However, he had something much better: charisma, scientific intuition, and a clear ability to transmit knowledge in a simple way. At the same time, he transmitted everything with his infectious passion.

Redes: Scientific knowledge available to everyone

The United States had Carl Sagan in the 80s with his program Cosmos, while Spain had Eduard Punset with Redes. And it didn’t matter that the program was broadcast at dawn. Each week, he had thousands of faithful viewers. People who knew nothing about the worlds of neuroscience, astronomy, or biology suddenly became passionate about these complicated subjects.

The program began airing on March 1996, and in 2008 it made a small change that would make history. Redes was renamed Redes 2.0, and every week Eduard Punset interviewed an internationally renowned specialist. Suddenly, the world of science took on a whole new and friendlier look.

Those who had to get up early to go to work made sure to record the problem. One thing for certain was that everyone learned something new every week. We got to know relevant figures such as Oliver Sacks, James Watson, Francis Crick, Steven Pinker, Robin Dunbar, Lawrence Krauss, Roger Penrose, Jane Goodall, Antonio Damasio, Daniel Dennett, and Lynn Margulis.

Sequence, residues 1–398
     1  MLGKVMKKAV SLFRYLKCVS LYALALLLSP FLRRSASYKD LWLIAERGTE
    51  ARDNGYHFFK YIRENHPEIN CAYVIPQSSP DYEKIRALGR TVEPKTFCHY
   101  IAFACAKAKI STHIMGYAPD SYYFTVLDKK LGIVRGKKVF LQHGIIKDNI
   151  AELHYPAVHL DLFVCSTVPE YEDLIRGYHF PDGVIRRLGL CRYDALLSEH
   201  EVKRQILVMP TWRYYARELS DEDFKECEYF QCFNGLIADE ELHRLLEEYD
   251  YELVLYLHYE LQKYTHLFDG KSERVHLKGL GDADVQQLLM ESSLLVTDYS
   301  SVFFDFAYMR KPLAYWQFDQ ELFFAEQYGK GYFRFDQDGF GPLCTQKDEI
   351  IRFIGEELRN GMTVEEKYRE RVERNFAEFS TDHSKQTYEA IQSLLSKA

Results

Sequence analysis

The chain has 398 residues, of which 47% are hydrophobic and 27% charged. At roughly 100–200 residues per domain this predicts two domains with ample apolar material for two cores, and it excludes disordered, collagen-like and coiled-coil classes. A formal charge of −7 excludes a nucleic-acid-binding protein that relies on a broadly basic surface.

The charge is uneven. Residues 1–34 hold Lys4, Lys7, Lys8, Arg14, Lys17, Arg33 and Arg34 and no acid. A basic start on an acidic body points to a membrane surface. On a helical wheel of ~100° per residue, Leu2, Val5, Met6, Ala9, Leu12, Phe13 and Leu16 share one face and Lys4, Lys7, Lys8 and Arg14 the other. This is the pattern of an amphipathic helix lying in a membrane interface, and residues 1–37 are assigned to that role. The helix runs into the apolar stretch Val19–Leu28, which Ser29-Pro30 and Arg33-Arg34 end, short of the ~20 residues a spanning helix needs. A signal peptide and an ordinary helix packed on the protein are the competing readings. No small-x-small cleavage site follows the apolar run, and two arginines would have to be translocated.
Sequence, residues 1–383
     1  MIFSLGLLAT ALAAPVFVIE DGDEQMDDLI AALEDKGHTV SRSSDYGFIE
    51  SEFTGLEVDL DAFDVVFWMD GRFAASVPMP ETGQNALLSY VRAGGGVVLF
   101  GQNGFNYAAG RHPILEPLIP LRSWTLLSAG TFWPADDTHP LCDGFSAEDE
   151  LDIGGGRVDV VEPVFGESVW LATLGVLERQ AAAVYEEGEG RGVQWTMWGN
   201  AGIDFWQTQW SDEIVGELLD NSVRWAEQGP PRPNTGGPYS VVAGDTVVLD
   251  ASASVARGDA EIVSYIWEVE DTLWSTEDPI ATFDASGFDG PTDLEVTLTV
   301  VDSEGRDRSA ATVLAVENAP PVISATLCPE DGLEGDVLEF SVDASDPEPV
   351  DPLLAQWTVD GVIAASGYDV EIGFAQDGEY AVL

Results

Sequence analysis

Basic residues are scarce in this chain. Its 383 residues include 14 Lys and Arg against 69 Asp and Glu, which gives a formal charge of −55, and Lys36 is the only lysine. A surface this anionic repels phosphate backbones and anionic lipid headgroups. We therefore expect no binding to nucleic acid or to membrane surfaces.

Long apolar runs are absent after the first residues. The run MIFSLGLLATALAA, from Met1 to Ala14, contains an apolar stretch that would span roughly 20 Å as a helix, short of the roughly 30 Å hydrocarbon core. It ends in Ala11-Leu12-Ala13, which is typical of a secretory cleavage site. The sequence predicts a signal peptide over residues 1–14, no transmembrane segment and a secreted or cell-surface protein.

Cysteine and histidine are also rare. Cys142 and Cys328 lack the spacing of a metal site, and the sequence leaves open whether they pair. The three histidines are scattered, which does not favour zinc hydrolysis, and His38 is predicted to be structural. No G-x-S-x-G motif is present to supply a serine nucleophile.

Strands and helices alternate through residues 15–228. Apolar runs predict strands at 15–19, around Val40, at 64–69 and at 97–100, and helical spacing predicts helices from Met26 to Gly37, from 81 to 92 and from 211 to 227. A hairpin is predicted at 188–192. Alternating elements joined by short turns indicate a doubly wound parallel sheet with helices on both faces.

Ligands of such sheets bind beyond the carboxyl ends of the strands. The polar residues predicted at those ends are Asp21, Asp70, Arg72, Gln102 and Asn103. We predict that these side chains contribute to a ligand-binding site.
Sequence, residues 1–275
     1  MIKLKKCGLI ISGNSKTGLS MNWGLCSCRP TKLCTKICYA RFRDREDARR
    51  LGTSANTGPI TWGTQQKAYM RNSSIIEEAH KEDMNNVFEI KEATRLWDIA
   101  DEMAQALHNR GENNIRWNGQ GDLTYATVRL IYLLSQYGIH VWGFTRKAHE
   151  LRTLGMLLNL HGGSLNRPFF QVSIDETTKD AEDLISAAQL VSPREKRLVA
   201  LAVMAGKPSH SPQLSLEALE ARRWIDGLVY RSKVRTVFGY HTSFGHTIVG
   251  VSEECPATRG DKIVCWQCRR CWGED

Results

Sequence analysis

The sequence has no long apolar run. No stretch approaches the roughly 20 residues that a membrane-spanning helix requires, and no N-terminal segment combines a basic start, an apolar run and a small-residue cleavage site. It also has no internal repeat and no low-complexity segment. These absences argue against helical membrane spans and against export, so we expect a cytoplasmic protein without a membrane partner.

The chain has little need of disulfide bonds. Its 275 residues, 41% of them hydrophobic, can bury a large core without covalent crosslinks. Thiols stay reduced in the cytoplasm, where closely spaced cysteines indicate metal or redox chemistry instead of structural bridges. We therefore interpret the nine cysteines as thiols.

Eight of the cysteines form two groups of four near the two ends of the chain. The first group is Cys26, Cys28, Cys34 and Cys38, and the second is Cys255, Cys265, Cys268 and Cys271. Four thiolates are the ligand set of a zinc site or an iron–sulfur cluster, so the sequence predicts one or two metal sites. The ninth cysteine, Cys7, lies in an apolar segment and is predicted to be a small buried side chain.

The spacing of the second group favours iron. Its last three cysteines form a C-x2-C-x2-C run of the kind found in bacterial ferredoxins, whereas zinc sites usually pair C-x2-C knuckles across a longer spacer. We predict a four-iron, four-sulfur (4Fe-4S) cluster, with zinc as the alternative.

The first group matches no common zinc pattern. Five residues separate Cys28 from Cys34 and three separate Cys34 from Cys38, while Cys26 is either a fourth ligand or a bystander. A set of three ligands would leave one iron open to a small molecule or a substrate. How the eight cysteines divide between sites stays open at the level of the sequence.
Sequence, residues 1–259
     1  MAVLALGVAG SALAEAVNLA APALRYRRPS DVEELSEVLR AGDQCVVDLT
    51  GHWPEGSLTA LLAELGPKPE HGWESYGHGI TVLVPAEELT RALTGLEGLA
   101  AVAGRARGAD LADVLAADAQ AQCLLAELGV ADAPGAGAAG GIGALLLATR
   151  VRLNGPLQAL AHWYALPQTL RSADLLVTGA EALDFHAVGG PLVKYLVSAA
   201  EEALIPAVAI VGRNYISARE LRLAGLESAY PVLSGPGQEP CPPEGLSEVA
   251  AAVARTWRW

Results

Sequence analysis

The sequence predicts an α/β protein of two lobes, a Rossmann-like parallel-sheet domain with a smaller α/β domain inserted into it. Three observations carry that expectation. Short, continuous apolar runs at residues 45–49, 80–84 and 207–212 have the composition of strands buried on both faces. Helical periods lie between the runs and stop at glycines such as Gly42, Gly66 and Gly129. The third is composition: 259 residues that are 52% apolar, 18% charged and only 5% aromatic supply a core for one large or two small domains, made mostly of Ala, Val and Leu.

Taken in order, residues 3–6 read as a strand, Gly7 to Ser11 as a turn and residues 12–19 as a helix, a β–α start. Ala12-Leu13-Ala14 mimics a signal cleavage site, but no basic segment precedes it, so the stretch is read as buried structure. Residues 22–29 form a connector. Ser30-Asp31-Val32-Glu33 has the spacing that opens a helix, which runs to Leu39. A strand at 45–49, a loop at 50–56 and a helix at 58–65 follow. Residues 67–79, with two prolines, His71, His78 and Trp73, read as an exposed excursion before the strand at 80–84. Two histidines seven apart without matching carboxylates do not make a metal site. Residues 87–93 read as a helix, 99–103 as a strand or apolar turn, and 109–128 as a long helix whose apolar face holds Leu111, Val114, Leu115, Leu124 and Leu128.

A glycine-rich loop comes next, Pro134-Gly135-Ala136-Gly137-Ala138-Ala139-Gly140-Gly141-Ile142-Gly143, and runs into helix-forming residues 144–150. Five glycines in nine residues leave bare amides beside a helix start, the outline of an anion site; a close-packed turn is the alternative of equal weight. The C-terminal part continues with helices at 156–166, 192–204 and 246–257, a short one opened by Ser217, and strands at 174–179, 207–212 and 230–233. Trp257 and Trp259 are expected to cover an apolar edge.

He dubbed the interviews in English into Spanish himself, getting used to all those new ideas, theories, and scientific perspectives almost without realizing it, all with his unforgettable voice and charisma.

The books of Punset.

Eduard Punset and his commentary through his books

While presenting Redes, Eduard Punset began a new project which was just as successful: publishing books. He published books such as Trip to Happiness (2005), The Soul is in the Brain (2006), and Why We Are What We Are (2008). This began an era in which, suddenly, access to basic scientific subjects was no longer out of our reach. Immersing oneself in the pages of those books was a pleasure and a stimulating and educational journey.

In his books, we no longer heard his actual voice, but you could sense the unmistakable imprint of the broadcaster who made the complex easy. As he offered us theories and information, it turned science into something that we always wanted to know more about.

Later books, such as Journey to Love (2007), The Journey to the Power of the Mind (2010), or Alice’s Dream (2013) brought us a subject that Eduard Punset loved: self-help.

The Redes program finished broadcasting in January 2014. After that, Punset started to move away from the area of science, and focused on personal growth and self-help.

Farewell to Eduard Punset.

Farewell to Eduard Punset

His gradual withdrawal from the media was brought about by his health problems in recent years. Now he has left us, and whether we realize it or not, the world of science has been somewhat orphaned. The world needs scientists, but it also needs personalities who know how to transmit the magic of knowledge.

Eduard Punset shone like a star, with the passion of a child who wanted to know everything. As we say farewell to Eduard Punset, his audiovisual and literary legacy remain.